3. Inhaling – keeping the same posture as the finished exhalation position, close mouth and being to inhale calmly through the nose with a smooth, relaxed sound. Imagine filling your body with clean air gradually from the toes through the legs, abdomen, and chest for about 15 seconds. When the chest is naturally full (without raising your shoulders) return the upper body to the original position for a duration of about 5 seconds, the whole time visualising your breath still entering your body. Your head should return back to the neutral position calmly. Note: Do not over-stretch the chest or lean back too far when returning to the original position.

Start with shorter breaths and lengthen them a little with each breath. When they are longer don’t be alarmed to hear the crackle of flem as you expel the last bit of air from the deepest reaches of your lungs, savor this as it is clearing parts of your lungs that have not felt fresh air possibly since your birth.

"Mind and Body Are One", calligraphy by Koichi Tohei Sensei

Tohei Sensie passed away last May at the age of 91. Here is a link to the official website for his Ki Society Aikido.

Note: The Ki calligraphy at the top of this post was painted by Shodo master Kojima Sensei at a demonstration he gave at an Aikido Seminar in Brisbane Australia in 2005.

“K” is for Ki Breathing

Does Rabinovich live here?

I found this little beauty while researching satire:

A KGB Officer goes twice to a man’s door asking if Rabinovich  lives there. Each time the man tells him NO;

A postcard of the Russian Revolutions of 1917

The third time, the KGB Officer arrives with a photo, which he holds up, saying, “This is Rabinovich  and it is a picture of you; why did you tell me you didn’t live here?”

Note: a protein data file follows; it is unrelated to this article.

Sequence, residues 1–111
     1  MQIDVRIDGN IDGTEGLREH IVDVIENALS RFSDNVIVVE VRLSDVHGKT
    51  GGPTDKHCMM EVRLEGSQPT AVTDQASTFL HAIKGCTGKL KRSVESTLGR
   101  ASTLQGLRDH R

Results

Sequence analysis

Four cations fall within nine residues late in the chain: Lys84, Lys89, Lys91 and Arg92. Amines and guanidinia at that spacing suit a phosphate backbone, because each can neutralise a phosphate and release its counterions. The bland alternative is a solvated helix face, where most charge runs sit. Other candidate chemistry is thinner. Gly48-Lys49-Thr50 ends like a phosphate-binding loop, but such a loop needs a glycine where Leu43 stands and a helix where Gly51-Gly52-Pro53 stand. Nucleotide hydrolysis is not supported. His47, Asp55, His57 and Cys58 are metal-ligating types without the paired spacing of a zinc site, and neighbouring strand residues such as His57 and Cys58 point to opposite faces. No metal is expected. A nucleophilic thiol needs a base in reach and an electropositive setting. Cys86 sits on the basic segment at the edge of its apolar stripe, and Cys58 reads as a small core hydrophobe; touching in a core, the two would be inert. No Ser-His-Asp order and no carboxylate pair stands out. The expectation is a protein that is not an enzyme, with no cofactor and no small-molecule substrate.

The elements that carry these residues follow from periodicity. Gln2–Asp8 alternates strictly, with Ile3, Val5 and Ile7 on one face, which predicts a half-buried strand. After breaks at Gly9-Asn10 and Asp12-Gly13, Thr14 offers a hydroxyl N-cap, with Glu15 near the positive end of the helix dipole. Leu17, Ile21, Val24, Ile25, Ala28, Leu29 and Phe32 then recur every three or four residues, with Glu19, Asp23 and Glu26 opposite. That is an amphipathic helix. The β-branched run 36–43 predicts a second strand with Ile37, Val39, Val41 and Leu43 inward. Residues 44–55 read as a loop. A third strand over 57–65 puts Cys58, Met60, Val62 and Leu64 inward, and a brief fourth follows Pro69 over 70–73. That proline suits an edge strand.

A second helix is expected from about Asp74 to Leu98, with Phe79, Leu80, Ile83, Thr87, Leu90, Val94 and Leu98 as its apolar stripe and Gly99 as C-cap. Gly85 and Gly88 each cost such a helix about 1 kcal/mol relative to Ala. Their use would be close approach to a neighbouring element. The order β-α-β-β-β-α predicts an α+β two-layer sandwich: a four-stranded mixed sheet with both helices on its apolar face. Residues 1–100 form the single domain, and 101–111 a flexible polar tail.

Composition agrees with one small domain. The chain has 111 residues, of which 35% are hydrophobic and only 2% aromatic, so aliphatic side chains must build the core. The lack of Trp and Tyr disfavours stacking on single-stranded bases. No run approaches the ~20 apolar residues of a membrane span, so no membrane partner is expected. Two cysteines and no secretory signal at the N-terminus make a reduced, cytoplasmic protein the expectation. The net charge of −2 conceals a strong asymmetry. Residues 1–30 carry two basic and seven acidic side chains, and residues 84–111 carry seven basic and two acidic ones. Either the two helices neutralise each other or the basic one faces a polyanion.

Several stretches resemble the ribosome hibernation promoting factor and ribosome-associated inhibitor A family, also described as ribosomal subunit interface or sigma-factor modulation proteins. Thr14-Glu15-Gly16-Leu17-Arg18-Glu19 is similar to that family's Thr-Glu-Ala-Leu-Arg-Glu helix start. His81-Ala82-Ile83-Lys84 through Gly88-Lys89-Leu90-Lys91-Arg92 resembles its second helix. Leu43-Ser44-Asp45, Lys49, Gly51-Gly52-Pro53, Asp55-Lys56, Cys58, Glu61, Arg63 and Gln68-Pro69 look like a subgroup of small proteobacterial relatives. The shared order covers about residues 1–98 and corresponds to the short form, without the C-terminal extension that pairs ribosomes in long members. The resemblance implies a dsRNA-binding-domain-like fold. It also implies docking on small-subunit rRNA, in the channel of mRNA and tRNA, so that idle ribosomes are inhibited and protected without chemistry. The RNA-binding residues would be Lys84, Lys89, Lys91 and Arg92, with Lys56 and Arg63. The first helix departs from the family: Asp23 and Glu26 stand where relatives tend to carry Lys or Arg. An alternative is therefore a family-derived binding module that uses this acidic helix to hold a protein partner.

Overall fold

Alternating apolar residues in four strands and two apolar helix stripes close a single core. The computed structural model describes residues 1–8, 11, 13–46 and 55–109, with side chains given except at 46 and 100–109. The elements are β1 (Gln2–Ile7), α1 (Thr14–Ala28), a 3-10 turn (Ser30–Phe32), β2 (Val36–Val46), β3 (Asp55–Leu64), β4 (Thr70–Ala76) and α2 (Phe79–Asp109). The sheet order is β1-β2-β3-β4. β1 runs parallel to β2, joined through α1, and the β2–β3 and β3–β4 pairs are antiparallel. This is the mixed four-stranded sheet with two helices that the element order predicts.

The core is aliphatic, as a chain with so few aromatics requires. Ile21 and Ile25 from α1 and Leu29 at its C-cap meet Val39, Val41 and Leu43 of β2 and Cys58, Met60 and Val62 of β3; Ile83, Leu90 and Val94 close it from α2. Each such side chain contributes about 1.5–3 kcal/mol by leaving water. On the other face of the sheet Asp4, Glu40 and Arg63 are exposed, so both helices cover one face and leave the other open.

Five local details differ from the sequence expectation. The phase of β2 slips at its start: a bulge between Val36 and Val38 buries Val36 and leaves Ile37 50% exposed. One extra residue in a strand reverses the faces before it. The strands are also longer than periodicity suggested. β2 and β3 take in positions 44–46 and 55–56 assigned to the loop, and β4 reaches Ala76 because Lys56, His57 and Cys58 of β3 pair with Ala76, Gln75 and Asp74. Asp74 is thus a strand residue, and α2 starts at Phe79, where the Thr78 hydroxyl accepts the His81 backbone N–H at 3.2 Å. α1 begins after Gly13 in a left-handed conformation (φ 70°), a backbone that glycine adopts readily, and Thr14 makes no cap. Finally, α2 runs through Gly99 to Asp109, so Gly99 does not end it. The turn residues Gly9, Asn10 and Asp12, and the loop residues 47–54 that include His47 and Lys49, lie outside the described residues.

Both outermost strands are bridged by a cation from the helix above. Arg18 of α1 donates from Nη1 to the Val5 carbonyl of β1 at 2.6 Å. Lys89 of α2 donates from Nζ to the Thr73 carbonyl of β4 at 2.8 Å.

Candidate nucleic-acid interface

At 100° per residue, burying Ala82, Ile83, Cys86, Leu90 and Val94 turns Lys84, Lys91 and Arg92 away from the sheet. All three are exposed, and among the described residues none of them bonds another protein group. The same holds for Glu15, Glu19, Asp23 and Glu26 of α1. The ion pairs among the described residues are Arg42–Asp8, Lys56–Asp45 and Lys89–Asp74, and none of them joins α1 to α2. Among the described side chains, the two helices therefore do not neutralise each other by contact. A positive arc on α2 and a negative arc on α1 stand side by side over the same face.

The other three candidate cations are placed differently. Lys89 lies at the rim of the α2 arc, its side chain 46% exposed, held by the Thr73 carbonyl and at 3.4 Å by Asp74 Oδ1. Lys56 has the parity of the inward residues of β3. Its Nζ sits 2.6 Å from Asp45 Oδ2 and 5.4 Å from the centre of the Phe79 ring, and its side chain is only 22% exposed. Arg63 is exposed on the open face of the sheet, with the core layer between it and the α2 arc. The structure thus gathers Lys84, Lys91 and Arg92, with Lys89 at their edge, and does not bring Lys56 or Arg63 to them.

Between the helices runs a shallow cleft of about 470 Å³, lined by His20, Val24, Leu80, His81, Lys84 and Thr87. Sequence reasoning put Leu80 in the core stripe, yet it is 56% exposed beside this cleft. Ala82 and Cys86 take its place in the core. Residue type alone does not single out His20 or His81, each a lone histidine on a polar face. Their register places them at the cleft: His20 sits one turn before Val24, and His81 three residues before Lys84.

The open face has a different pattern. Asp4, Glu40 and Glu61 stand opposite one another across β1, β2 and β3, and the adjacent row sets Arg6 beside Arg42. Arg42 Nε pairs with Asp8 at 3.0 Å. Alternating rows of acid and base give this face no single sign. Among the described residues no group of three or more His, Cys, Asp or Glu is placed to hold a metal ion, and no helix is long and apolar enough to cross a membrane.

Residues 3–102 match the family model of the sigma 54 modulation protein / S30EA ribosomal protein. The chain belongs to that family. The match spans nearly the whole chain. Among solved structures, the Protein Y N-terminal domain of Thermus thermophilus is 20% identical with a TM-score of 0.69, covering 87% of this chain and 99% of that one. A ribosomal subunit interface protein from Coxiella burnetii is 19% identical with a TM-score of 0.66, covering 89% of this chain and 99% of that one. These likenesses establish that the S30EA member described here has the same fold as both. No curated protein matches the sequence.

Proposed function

To which Rabinovich replies, “This, you call living?”

“J” is for Joke

…a long bow I know but I wanted something lighter today.

I found it in a footnote from “Humor, hostility and the psycho-dynamics of satire” by Susan Isabel Stein. Literature and Psychology 2000. Vol.46, Issue 4, while researching for the post Satire it just isn’t funny

What is Immovable Wisdom?

As with many terms used in Zen and the martial arts, Immovable wisdom is often misinterpreted to have a mind that does not move, when it is almost the exact opposite; it does not stop, or is not stopped. This state is sometimes described in Japanese as Fudoshin, Immovable Mind, and many physical tests for it have been developed for Aikido (and other disciplines) examinations.

Fudoshin - Wallpapers on the web

Early in their study students will misinterpret this “test” and will become hard like wood or stone…and fail. Instead they must learn not to allow their mind to be moved, or caught, by the examiner. The mind must become like still water; not “caught” by the hook as it passes through.

…the mind that does not stop at all is called Immovable Wisdom. – Takuan Soho

Takuan Soho, in a letter to the Samurai Yagyū Munenori, wrote of  “Immovable Wisdom” and how a person near enlightenment was capable of controlling a thousand arms, their mind not stopping at any particular one. He goes on to say that …one who understands this is no different from the Kannon with a thousand arms and a thousand eyes.

…the ordinary man simply believes that it is blessed because of its 1000 arms. The man of half-baked wisdom, wondering how anybody could have 1000 eyes, calls it a lie and gives in to slander. But if one understands a little better, they will have a respectful belief based on principle and will not need the simple faith of the ordinary man, or the slander of the other, and they will understand that Buddhism, with this one thing manifests its principle well.

he goes on…

All religions are like this… The ordinary man thinks only on the surface, the man who attacks… is even worse. This religion, that religion, there are various kinds but at their deepest points they are settled in the one conclusion.

“I” is for Immovable Wisdom